Heaven and Earth in Corso Venezia

Heaven and Earth in Corso Venezia

29 December 2014

Crisp winter day. The cold blue sky – as clean, majestic, and utterly indifferent as a blue-blooded aristocratic behaviour.

On the sixth floor of a palazzo in Viale Monza, one feels closer to the sky than to the busy road underneath.

At 9am, most persiane are still down. An hour and a half earlier it was still dark. Italians rise with the light.

This is the Mediterranean world – get up late, stay up late. Enjoy the light and the open space. Take your time, don’t rush through the hours of the day as we do in London. Live through time, instead.

A man, hat-in-hand, on Corso Venezia – one of the richest areas in Milan. He waits, he takes a step towards each passer-by and then, out of the blue, asks – Non mi vedi? “I’m here. Don’t you see me?”

Indeed, what is wrong with us all, passing through life in such a rush, neither seeing nor hearing the others as flesh and blood individuals right here, next to us? Most of the time we only see them as a collective, and in a predetermined, often institutionalized setting. Other than that, we treat people passing by as just shadows. Non mi vedi may be the most natural question in the world – be that the Mediterranean one, or elsewhere. It may well be that God spoke to us right there and then, between the misery and the lush life on Corso Venezia, through the words of a beggar.

To be continued.

Causeway to Heaven

Causeway to Heaven

20 October 2010

Never before had I experienced the feeling of crossing over into a new world – quite literally. Never before had I really imagined what it would be like to “walk on waters”. Never before had I been a pilgrim.

These were my thoughts as we were walking across the three-mile Causeway towards the Holy Island, or Lindisfarne as it’s often known. It was a crispy cold, but sunny late summer day. The wind, the strong air, the iridescent waters around us and the lack of food (we’d been too excited to eat) made us feel dizzy and light. It was as though we were fasting, giving up something – perhaps our pride – to seek the Other for a change. And it was this effort, this sacrifice, which helped us cross over into the new world. We didn’t know it yet, but by the end of the one-hour walk back, later in the evening, we would indeed experience a blessing upon us, just like in Czeslaw Milosz’s verse: “I felt the hand of God on my shoulder… and yet, it didn’t threaten punishment; and yet, it didn’t promise reward.”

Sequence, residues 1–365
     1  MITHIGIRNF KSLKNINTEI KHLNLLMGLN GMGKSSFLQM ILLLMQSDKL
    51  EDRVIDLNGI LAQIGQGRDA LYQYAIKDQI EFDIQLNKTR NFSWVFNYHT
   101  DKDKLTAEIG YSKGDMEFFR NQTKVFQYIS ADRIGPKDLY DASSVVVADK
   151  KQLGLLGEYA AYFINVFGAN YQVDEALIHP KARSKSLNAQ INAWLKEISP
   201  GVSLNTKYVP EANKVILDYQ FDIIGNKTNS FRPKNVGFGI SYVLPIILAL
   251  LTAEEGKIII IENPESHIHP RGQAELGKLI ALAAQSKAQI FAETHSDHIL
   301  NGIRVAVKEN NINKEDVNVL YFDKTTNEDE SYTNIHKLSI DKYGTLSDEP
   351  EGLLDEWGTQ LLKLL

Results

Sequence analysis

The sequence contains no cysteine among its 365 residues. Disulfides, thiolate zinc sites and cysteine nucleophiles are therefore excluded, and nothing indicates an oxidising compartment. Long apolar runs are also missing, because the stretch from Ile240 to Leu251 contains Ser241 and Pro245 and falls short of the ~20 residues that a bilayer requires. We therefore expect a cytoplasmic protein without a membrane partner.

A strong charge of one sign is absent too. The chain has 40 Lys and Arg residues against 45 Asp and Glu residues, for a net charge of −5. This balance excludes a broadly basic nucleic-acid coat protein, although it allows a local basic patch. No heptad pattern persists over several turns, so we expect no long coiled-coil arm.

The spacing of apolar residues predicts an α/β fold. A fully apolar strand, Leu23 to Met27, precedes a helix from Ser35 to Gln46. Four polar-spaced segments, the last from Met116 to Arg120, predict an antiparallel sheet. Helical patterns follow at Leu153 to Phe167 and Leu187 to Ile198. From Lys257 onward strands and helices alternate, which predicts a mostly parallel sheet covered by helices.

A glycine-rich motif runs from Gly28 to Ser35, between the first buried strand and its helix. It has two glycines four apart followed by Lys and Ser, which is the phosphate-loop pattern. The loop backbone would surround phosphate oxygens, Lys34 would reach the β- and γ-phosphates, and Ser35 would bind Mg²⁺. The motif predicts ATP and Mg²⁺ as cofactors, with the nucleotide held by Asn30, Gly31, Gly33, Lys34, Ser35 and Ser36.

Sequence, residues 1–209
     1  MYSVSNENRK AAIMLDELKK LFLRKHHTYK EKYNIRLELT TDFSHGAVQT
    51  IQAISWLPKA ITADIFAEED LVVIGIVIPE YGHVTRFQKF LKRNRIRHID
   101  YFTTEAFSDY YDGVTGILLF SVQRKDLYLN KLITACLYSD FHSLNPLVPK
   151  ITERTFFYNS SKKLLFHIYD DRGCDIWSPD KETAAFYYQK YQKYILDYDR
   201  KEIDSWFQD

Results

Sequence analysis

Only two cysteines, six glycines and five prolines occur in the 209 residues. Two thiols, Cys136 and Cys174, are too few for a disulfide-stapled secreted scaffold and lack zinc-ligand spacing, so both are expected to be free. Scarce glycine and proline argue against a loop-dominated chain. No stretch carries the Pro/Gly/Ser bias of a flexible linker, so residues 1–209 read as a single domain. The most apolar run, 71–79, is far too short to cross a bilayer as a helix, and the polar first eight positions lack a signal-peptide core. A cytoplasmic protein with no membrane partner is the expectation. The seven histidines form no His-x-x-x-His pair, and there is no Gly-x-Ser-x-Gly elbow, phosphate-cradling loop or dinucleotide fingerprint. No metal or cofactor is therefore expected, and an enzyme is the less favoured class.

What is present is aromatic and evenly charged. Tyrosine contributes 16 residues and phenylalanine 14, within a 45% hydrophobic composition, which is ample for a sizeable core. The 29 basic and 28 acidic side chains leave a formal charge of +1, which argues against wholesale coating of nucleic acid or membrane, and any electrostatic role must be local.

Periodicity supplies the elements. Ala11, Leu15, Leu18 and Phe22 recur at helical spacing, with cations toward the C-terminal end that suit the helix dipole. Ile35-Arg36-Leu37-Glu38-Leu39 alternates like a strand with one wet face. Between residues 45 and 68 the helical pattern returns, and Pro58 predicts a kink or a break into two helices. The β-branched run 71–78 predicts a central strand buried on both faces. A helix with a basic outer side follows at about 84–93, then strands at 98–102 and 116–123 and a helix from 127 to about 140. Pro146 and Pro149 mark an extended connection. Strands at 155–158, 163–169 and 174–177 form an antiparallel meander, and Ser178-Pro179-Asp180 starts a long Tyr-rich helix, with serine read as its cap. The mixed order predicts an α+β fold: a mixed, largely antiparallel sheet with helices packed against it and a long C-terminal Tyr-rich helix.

Nobody knows what Lindisfarne means, which adds to the mystery of the place. After a hot drink at the Pilgrim’s Café, we went to see the Priory, an otherworldly tranquil complex dating from Norman times, built on the site of the Anglo-Saxon monastery founded after St Aidan visited the island, in AD 635. What is left of it now is in fact a Benedictine priory, built after the original was destroyed by the Vikings.

A short walk away from the priory is the Lindisfarne Castle. The old fort stands on a steep hill, right at the edge of the island, like a sharp reminder that peaceful waters are not always what they seem. The moment you step inside you feel the hand of history upon you – and the fact that you have to lower your head to walk in is, I believe, part of the lesson…

But the Holy Island is not the only attraction in the area. We stayed in Bamburgh, a small village by the sea, which used to be the headquarters of Oswald, the king who invited St Aidan to bring Christianity to this part of the world. In the evenings we were watching the sunset on a sandy beach, which stretches below a 13th century Church and a Norman castle where the kings of Northumbria used to live, one of the most impressive I had ever seen.

From there we drove to Alnwick, less than half an hour away. I couldn’t wait to visit Barter Books, allegedly the second largest bookshop in England. And because we spent half a day between the shelves of the old railway station, we had to choose between visiting the world-famous Alnwick Garden, and the castle. Couldn’t do both. The garden exceeded all my expectations – with its labyrinth, fountains, and Treehouse.

I would have liked to go see Durham again, where I had once spent some of the best days of my student life, or visit Berwick, the historic border town, for the first time. Instead, we opted to spend an uneventful on the shores of the North Sea, under the mysterious lights of the Bamburgh Castle. It all felt like a blessing, which was as hard to put into words as it was unexpected.